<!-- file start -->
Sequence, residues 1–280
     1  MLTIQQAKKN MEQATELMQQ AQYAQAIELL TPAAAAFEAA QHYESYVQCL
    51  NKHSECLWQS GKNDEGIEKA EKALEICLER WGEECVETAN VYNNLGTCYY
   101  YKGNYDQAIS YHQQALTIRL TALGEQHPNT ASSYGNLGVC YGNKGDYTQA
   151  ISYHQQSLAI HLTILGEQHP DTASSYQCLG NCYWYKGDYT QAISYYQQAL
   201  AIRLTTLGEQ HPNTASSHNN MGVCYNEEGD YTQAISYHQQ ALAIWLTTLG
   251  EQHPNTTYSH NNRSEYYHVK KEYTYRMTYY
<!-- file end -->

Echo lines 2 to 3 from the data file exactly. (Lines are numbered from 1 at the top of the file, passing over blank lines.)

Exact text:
     1  MLTIQQAKKN MEQATELMQQ AQYAQAIELL TPAAAAFEAA QHYESYVQCL
    51  NKHSECLWQS GKNDEGIEKA EKALEICLER WGEECVETAN VYNNLGTCYY